I want to be just like Mommy/Daddy

Values, Attitudes, and Philosophies  I want to be just like Mommy/Daddy

Children learn form parents, sometimes whether we want them too or not. You have probably heard a disgruntled parent say something like, "I don’t know where that kid learned to be so irresponsible. He/she never finishes anything he starts." Very often, these attitudes were taught to the child by the parents’ own poor example. Take care to teach your children responsibility by getting them to practice and swim meets on time, even when it is tough. And on those cold, dark days when sitting in front of the television is much more appealing than going to practice, nudge your child down the road to self-discipline with their swimsuits. We all need a little shove now and again.

If you would really like to contribute to the maintenance of a strong club for you swimmer, donate some of your time and ideas on one of the team committees. The maintenance of a smooth running organization and keeping communications channels open is the result of the untiring devotion of the members of the committee and board members. Often a teams biggest critics and chronic complainers are the ones who never do anything to solve the problems. Get into the organization, utilize you talents and ideas, and get on the Board of Directors! We need and encourage every parent’s participation!

One of the poorest examples you can set for your child is to offer to pay him/her for good swims. This is obviously shallow motivation. In order to remain effective, it must be steadily increased until it reaches the point where it is plain too expensive to continue and your child is left with no motivation at all. In order to be long lasting, motivation must come from an inner desire to excel. If you involve money, your child will simply learn to expect payment for any effort at anything. So, please do not pay you swimmers.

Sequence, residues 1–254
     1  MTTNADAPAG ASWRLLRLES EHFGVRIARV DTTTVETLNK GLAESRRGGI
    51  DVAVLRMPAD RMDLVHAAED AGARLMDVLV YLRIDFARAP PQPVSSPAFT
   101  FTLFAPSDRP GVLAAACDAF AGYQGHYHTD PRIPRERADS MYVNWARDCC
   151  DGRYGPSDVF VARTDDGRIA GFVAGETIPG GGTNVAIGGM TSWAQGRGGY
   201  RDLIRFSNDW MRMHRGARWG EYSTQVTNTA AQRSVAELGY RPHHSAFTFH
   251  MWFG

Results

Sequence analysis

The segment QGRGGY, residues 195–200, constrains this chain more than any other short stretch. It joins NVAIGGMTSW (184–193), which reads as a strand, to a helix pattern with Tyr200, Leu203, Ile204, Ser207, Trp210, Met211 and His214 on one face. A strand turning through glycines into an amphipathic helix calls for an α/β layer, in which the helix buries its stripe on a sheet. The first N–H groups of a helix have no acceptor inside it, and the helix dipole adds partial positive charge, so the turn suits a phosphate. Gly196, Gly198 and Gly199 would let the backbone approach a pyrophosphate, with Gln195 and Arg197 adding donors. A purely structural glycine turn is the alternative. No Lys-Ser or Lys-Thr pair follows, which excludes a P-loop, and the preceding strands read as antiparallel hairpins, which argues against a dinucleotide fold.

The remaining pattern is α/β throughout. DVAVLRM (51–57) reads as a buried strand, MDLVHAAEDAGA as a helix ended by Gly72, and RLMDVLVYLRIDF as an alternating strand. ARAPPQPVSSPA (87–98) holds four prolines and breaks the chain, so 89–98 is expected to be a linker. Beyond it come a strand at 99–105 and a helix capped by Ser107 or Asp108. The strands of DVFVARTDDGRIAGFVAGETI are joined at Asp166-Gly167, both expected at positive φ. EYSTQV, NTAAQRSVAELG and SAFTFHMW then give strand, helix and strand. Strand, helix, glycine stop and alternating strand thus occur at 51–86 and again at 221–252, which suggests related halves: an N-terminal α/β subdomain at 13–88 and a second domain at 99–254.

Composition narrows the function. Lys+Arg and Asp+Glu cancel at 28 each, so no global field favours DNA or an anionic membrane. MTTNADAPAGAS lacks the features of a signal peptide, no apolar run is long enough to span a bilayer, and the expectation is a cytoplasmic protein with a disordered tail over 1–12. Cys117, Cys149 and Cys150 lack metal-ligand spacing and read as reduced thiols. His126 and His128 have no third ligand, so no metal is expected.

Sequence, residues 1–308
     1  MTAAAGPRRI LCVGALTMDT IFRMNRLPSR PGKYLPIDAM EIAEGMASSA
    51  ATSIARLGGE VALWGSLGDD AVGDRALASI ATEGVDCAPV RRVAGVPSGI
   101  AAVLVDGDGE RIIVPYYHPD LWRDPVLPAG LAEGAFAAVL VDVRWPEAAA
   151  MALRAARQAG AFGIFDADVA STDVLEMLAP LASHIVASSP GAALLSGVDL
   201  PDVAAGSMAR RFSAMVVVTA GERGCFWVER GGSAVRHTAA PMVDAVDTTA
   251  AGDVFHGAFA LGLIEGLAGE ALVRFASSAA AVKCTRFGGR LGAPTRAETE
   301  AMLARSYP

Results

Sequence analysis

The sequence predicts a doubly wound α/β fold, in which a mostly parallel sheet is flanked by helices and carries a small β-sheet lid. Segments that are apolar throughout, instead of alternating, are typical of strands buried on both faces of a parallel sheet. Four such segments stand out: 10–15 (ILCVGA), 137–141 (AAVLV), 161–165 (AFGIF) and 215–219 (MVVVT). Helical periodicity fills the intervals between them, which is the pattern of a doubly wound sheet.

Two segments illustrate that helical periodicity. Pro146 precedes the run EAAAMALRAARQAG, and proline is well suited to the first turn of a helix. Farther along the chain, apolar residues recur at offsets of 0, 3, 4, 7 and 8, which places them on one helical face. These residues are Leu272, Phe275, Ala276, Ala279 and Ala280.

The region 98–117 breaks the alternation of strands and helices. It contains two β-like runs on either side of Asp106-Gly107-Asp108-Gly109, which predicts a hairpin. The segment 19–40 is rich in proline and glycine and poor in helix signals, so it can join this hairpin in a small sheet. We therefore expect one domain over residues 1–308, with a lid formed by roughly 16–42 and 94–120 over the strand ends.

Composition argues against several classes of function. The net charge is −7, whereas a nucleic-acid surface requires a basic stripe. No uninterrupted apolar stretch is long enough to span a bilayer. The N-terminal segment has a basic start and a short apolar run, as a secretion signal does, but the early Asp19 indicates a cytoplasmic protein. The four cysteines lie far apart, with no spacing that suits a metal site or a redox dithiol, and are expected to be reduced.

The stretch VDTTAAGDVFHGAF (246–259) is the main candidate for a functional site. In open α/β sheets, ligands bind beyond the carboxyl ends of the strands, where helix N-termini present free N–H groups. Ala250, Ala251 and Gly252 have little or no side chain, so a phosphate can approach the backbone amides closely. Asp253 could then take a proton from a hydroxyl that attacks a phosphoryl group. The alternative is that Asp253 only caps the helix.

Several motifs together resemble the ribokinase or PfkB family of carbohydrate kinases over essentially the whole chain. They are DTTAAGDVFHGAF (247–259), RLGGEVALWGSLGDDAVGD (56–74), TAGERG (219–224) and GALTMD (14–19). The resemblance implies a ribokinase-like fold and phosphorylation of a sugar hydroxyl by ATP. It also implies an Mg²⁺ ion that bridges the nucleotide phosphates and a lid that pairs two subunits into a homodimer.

Swimming is an ideal self-motivation activity in that the reward system is objective and specific: time! In the same vein as was mentioned above, keep the rewards (ribbons, medals, trophies, high point awards- etc) in perspective. Although most meets offer something tangible in the way of awards, don’t fall into the trap of believing they also measure success–they do not. Every swimmer would like a little something to show after swimming for a period of time, however just as in the above example the reward had to be increased, so goes the awards. If you have a trophy case or wall to fill, see a coach. He or she can give you several places to go to buy trophies until there is no more room to park the car. Teach your swimmer the value of swimming for intrinsic rewards. You will end up with a healthier, more motivated swimmer in the long run.

In summary here are some positive factors to help in the development of proper attitudes in your swimmer:  1) The parents should show an interest in the activities of the child. 2) Success, as well as failure should be accepted and supported by the parents. 3) Criticism of performance or practice should be handled by the coach. 4) Almost all swimming should be left at the pool. 5) Conduct of swimming practice of any kind should be left to the coach. 6) Aside from helping out at meets or timing, stay away from your swimmer while they are swimming. Pacing up and down the deck screaming usually does not help (the swimmers cannot hear you anyway), and your support can be demonstrated in less obvious ways. Cheer for the swimmers, have a good time, be enthusiastic, but realistic. Finally, 7) keep swimming in perspective with other activities of the family. Swimming should be left in the pool.